To this day, few people really believe that the Unionist death-squads fully gave up their weapons – for how could they wage drug and crime wars without them? But we are at the point whereby even those guns cannot inhibit forces motivating the human minds and hearts of decent Irish people, who have every right under international law, to bring about the reunification of their country. Whatever may come out of the talks process at present, the only permanent solution to these artificial divisions within Ireland is for Britain to initiate a declaration of intent to leave. What I mean by that is simple – if Britain tells the Loyalist people that they are exiting Ireland, then no amount of firearms can sustain the failed political entity that remains the Northern statelet. It would also put the backs of ordinary Protestant people firmly to the negotiating wall by making them realise that they have to reach an honourable consensus with their nationalist neighbours on the kind of democratic Ireland which will emerge.

Now I want all guns out of Ireland. There needs to be a settlement whereby the Protestant working class can always utilise syntax over Semtex to defend their interests. A nation whereby men and women rise to the occasion which their communities and the times demand, in a parliament of the Irish people, elected by the Irish people and governing within the interests of the entire Irish people – every single part of it. A state where we can fire the “Tory intrigues” who remain on both sides of the present border via the mechanism of one man, one woman, one vote. Where Northern Unionists are reunited and reconciled with the former Southern Unionists they left behind. And to be a solemn example not just to the Protestants but to the world, that however problematic British standards towards Ireland have been, they have nothing in their hearts or minds to fear from Irish standards in Ireland.



3 Responses to ‘Unity in Ireland: Disarming The Protestants’ by Donal Lavery

  1. fiosrach May 30, 2017 at 10:06 am #

    You would think that the unionist working class would have learned their lesson when the financiers, property owners and lords of industry in the east sold them out. I refer to the Covenanters in the three shaky counties of Tyrone,Cavan and Monaghan who were abandoned because nine counties with a 55/45 majority would be ‘impossible to govern’. The sectarian six counties was the least worst option. It lasted a hundred years. It may not make the hundred years. My neighbour who is a unionist differs only in the attachment he has to Britain. When Britain finally invents a reason to give them the bum’s rush, nothing will separate us or as the intellectuals in the UDA say Quis separabit.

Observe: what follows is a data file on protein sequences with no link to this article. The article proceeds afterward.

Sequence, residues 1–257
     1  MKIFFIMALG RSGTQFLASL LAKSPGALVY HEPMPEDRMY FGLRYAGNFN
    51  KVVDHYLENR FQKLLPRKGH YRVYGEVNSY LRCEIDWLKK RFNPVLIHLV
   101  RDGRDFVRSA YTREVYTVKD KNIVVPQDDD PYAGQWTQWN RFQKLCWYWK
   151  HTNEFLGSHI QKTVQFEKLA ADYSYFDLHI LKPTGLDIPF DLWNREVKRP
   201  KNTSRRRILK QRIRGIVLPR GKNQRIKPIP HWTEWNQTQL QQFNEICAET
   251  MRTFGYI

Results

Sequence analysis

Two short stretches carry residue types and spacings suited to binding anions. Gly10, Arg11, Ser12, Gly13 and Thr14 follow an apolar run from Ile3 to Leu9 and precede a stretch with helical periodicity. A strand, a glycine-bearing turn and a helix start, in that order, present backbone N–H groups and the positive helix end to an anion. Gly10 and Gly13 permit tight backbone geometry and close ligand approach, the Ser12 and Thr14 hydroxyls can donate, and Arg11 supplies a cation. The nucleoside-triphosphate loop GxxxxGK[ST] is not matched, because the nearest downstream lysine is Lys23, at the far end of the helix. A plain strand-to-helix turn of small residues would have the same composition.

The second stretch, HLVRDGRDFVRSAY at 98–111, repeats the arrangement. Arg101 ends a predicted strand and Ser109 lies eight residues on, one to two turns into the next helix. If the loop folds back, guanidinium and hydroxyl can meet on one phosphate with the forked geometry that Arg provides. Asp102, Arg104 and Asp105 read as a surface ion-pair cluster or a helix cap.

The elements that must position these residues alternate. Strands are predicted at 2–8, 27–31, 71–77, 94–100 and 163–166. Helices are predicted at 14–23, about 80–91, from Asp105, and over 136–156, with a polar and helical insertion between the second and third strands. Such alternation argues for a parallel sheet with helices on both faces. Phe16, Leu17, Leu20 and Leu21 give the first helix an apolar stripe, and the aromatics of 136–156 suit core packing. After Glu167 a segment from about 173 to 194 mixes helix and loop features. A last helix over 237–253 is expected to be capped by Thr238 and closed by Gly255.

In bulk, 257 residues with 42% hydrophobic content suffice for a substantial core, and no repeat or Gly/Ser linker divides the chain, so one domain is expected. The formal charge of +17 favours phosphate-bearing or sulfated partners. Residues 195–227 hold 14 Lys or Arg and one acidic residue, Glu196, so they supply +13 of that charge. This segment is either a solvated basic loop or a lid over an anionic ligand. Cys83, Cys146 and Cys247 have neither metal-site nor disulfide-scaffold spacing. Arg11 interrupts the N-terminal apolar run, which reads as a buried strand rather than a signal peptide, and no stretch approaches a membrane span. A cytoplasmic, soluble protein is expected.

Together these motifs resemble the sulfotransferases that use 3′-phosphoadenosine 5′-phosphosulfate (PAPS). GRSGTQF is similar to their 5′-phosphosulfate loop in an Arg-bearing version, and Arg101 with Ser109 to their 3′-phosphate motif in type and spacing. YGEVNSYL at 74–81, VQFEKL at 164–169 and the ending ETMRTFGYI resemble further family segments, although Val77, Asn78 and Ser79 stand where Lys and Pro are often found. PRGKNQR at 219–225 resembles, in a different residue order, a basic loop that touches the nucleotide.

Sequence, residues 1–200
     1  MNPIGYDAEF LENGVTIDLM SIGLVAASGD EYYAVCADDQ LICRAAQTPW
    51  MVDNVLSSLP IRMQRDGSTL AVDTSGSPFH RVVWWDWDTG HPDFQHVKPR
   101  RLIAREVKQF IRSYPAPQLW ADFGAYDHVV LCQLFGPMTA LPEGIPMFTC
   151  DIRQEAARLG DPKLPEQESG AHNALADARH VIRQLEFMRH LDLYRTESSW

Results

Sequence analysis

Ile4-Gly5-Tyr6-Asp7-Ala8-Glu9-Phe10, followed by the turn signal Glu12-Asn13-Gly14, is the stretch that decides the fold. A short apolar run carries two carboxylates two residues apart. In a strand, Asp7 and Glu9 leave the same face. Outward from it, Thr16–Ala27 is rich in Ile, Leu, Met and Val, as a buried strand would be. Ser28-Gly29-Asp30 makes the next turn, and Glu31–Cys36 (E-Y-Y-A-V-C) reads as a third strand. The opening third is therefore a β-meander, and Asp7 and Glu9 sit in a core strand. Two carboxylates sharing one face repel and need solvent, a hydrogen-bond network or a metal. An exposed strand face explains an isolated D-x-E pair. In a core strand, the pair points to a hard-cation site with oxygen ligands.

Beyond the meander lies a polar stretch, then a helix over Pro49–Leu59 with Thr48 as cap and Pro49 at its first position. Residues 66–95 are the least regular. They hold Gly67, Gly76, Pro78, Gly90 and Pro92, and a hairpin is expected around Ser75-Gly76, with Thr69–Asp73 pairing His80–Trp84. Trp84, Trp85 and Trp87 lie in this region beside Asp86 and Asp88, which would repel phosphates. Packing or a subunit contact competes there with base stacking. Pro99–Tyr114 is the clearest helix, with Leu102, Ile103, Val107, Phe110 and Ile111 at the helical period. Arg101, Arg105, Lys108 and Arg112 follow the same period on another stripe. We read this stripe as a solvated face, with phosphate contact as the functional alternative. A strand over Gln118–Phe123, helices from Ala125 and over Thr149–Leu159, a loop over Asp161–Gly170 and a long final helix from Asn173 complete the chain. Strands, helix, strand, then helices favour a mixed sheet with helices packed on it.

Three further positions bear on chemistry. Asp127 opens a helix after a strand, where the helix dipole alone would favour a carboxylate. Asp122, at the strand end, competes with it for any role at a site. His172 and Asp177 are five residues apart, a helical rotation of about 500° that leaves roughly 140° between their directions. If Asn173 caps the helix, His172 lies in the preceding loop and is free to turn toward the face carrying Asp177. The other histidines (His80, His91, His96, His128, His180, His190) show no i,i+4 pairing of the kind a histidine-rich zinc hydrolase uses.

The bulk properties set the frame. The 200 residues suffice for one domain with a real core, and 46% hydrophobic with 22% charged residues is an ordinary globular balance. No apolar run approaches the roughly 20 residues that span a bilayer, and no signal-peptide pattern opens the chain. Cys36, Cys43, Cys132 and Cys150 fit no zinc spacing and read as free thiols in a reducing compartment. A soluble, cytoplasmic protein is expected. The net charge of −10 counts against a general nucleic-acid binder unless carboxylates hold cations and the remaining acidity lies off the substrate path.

• fiosrach May 30, 2017 at 5:39 pm #

      Sorry. Meant Donegal.

  2. Ryan May 30, 2017 at 2:30 pm #

    The Unionist working class have been brainwashed for years and deliberately forced out of education by the Unionist upper classes. In Susan McKay’s “Northern Protestants”, one Protestant woman speaks of her Orange Order member Father’s disapproval of her attending University. He disapproved because he believed her place was in the Kitchen but also because he thought she was “getting above herself” or getting too “Uppity”. The working class orange man knew his place and wanted his daughter to know hers. University was for upper class Unionist men.

    The same goes for many Loyalist paramilitaries. Many Loyalists, especially from the PUP, who became socialists and got involved in educating themselves were despised by other loyalists. They considered education to be “too republican”. Billy Wright hated the likes of David Ervine and Billy Hutchinson. He regarded their politics as being “near republican” because Ervine awoke and realized how upper class Unionists were exploiting his own people. Hutchinson in many ways today has largely abandoned Ervines politics and tends to jump on the bandwagon instead of leading from the front, as the flag protests showed.

    I don’t think its possible, certainly not for republicans, to make working class Unionists wake up to how they are being used. Only intelligent and articulate working class Unionists can lead their people out of a sectarian blinded mire and make them wake up to how the likes of the DUP/UUP used and abused them for decades. Maybe then will they serious consider how Irish Unity could be good for them and their community rather than being blindly devoted to the British Union which has been an economic disaster for this part of Ireland.